The ro-ro market has exploded as the container shipping bonanza comes to an end, with full ships, sky-high spot rates, and space on vessels at an absolute premium for months to come as reported by The Loadstar.
As carriers fulfil service contracts, forwarders shipping electric vehicles must make reservations up to four months in advance; nevertheless, any surplus freight, even that for clients who have signed contracts, requires paying spot prices.
As ro-ro rates have increased in the last year on all routes worldwide, one forwarder informed The Loadstar that this can be very expensive.
“The ro-ro market is actually experiencing a minor crisis. Although spot market rates are rising, there is just not enough capacity.”
There are only five major global scheduled carriers, so some OEMs are attempting to charter tonnage but are unable to do so because all available vessels are already deployed.
Ironically for the automotive industry, factories are now able to produce goods because parts are available, but finished vehicles are still sitting at ports because there aren’t enough vehicles that can transport them.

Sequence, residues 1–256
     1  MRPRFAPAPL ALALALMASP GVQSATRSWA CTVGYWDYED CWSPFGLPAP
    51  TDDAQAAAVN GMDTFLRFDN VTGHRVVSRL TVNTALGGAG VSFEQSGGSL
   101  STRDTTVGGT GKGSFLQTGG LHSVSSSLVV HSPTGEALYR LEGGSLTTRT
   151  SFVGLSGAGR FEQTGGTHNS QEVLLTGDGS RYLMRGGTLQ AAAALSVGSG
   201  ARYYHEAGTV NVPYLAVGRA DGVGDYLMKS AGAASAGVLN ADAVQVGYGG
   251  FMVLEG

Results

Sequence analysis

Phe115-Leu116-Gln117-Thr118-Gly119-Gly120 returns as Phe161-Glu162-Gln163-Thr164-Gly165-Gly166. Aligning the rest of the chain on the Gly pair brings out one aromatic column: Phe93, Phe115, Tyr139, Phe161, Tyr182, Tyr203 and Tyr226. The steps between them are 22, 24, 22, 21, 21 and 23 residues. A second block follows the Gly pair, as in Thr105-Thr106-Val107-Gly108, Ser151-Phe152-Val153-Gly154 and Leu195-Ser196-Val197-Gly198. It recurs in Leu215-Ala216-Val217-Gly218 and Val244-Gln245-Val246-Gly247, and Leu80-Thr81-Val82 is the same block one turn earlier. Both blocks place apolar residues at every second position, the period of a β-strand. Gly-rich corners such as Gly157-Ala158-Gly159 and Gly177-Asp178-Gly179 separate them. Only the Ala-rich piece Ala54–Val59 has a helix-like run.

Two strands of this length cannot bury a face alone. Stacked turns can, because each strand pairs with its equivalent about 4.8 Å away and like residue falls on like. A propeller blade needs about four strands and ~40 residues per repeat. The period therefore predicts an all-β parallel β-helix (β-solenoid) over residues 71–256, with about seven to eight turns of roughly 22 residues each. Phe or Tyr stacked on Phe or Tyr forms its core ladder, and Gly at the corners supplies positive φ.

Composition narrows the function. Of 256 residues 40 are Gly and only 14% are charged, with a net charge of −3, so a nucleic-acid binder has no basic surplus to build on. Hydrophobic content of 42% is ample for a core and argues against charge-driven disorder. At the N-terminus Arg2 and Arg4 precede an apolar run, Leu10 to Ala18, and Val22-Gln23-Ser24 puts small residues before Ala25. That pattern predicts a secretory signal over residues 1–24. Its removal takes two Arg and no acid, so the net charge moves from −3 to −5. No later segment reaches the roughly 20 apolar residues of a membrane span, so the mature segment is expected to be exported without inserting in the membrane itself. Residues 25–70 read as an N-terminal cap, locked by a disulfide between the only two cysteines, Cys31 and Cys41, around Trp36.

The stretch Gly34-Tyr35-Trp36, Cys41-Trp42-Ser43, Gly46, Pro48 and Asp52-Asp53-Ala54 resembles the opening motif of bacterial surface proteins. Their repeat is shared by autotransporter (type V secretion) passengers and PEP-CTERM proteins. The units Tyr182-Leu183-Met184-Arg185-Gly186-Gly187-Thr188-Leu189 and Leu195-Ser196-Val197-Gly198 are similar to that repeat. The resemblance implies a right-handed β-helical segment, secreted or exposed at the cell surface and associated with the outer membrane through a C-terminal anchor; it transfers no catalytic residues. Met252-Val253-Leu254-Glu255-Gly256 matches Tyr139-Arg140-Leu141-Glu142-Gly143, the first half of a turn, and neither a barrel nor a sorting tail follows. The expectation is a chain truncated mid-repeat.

This strategy hasn’t worked for many years, but now with limited capacity and rising ro-ro prices, the market has changed, the forwarder said. “It is now very competitive, it can be cheaper to ship a vehicle in a container, or even to break down a major agricultural machine to containerize it. The only effective and efficient option to carry cars on long-haul highways is to containerize them,” according to the forwarder.
Demand for electric vehicles is steadily increasing as the switch to them picks up speed, but getting the cars to market is proving to be a challenging task that, according to forwarders, will persist through next year and possibly into 2024.
The stock market also reflects the state of the economy, with Wallenius Wilhelmsen, one of the bigger ro-ro operators, listed on the Euronext, ending 2019 at just over NOK20 a share, dropping to below NOK8 during the epidemic, but now rebounding to just under NOK100 ($10).
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Source: The Loadstar